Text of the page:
Writing Success After Lu Xun's return to China, he took a job teaching in his hometown. When the 1911 revolution began, Zhou was teaching in a middle school in Shaoxing. He was among the first to realize that though the Qing Dynasty had been overthrown, little else had changed. In fact, warlords, old-style gentry, and opportunists of every sort took over the government at the national and local levels, and the weak, far from being liberated, became victims. He addresses the failure of the revolution in several of his short stories and particularly with the black humor of his novella “A Q zheng zhuan” (1923), translated as “Our Story of Ah Q,” (1941).
In April 1918, Lu Xun began to contribute stories to Xin qingnian (New Youth), a liberal magazine with a nationwide circulation; it was a principal mouthpiece of the New Culture movement, which was closely allied with the May Fourth Movement. He first used the pen name Lu Xun for the story “Kuangren riji” (translated as “Diary of a Madman,” 1981) in the May 1918 issue of Xin gingnian. In keeping with the New Culture movement, the short story was critical of traditional Confucian ideas. It was the first significant Chinese literary effort that was written in the vernacular, as opposed to the elevated prose of traditional literature, and for this reason, Lu Xun is regarded as the father of modern Chinese literature.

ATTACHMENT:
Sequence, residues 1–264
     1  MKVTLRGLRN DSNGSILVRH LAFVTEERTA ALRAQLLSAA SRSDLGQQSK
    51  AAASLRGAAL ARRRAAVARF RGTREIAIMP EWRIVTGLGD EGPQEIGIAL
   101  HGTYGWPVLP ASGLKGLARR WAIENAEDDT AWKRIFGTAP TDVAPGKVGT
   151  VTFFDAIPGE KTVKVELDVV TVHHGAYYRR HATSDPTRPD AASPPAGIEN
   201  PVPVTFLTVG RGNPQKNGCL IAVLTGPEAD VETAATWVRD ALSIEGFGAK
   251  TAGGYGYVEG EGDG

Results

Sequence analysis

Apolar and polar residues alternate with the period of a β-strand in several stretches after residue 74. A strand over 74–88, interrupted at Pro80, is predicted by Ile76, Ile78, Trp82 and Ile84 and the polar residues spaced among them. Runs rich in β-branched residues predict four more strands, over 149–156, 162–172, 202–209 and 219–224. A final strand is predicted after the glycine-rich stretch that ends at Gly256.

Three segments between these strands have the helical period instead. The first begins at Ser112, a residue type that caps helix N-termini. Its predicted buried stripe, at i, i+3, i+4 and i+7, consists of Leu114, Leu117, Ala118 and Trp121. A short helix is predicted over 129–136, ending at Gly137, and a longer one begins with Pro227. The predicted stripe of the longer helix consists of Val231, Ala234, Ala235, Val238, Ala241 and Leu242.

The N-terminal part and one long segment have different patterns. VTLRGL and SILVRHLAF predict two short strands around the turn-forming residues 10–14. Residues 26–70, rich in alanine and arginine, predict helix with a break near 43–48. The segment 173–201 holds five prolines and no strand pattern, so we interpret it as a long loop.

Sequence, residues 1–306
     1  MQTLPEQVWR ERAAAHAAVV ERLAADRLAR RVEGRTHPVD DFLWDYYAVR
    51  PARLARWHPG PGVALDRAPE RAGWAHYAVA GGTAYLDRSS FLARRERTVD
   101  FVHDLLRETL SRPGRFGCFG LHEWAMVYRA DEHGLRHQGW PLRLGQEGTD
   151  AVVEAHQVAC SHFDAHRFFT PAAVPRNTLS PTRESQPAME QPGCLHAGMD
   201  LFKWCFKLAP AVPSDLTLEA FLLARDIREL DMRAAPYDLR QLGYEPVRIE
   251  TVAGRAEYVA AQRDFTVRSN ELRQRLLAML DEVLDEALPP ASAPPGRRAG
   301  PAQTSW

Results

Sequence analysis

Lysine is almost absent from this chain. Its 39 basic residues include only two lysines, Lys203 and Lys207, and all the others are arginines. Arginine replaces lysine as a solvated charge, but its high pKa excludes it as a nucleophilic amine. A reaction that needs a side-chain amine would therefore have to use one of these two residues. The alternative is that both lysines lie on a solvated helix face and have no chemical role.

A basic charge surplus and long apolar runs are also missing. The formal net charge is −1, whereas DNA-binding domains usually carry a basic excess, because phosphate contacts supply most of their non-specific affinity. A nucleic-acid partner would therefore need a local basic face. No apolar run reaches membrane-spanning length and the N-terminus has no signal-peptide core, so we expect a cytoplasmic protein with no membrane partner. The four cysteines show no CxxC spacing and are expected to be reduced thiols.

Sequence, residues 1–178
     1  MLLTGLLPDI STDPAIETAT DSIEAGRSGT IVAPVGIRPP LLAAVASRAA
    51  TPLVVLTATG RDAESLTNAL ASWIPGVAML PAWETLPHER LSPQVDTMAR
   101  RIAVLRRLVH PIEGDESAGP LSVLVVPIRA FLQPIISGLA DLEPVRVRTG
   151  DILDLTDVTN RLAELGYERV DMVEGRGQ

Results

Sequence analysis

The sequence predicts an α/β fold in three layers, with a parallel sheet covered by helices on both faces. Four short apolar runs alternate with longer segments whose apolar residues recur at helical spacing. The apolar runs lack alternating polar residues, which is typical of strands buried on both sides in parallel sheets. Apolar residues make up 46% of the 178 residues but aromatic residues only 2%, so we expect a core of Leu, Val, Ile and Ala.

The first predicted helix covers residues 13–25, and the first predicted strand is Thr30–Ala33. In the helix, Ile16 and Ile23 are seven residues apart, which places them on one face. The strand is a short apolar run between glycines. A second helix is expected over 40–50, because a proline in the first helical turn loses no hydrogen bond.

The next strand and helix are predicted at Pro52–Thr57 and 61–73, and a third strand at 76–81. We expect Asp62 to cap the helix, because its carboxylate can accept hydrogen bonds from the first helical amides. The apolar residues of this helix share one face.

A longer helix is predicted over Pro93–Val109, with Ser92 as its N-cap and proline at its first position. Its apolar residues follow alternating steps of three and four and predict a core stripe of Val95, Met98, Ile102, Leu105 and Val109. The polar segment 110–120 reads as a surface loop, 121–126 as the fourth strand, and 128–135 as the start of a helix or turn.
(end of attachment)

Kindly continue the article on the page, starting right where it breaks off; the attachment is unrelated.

Impact on China Lu Xun went on to write many more major short stories, essays, poems, and literary criticism in the vernacular style. Among the most celebrated of these were “The True Story of Ah Q,” and “The New Year's Sacrifice,” (1924), which looked at the oppression of women. His influence was such that by the turn of the twenty-first century, Lu Xun's works had been translated into approximately fifty languages and published in over thirty countries.
Lu Xun's politics were decidedly leftist throughout his life, although he declined to ever formally join the Chinese Communist Party. His support for the 1926 Beijing student rebellion forced him to leave the city, and he settled in Shanghai in the late 1920s. There he continued to write and work, while serving as the head of the League of Left-Wing Writers. He founded a magazine, the Torrent, in 1928 and edited others. On October 19, 1936, Lu Xun died of tuberculosis, a highly contagious disease that affects the lungs.
Works in Literary Context
Lu Xun wrote poetry, short stories, and essays. While his essays tend to be dry and sardonic, his prose is introspective. In addition to writing about his characters—their appearance, personality traits, and actions—Lu Xun delved into the inner conciousness of his characters. He wrote extensively about what his characters were thinking and feeling. One of Lu Xun's most memorable characters is Ah Q.
The Everyman Ah Q is a peasant who views himself as a winner. He is a new Everyman, an international symbol of human folly whose penchant for self-delusion is evident: Whenever he is humiliated by a rival, he quickly turns the experience around in his mind and imagines himself to have come out on top. “The True Story of Ah Q” is often read as a national allegory, though when it was published, several individuals thought themselves to be the butt of the satire; some wrote letters to the newspaper in protest.